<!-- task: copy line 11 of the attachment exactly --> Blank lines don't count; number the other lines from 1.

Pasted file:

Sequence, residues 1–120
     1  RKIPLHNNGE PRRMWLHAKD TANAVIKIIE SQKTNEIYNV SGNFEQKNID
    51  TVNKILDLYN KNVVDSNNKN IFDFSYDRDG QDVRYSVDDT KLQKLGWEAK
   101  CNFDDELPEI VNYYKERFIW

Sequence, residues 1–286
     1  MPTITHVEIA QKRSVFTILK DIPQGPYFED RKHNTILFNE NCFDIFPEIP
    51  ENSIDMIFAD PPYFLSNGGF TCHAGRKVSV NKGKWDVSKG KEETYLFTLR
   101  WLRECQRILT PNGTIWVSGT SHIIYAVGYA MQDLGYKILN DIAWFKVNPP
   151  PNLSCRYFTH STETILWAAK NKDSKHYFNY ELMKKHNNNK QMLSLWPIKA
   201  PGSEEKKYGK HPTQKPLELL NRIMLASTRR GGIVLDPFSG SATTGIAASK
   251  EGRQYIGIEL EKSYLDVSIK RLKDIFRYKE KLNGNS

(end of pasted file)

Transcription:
   251  EGRQYIGIEL EKSYLDVSIK RLKDIFRYKE KLNGNS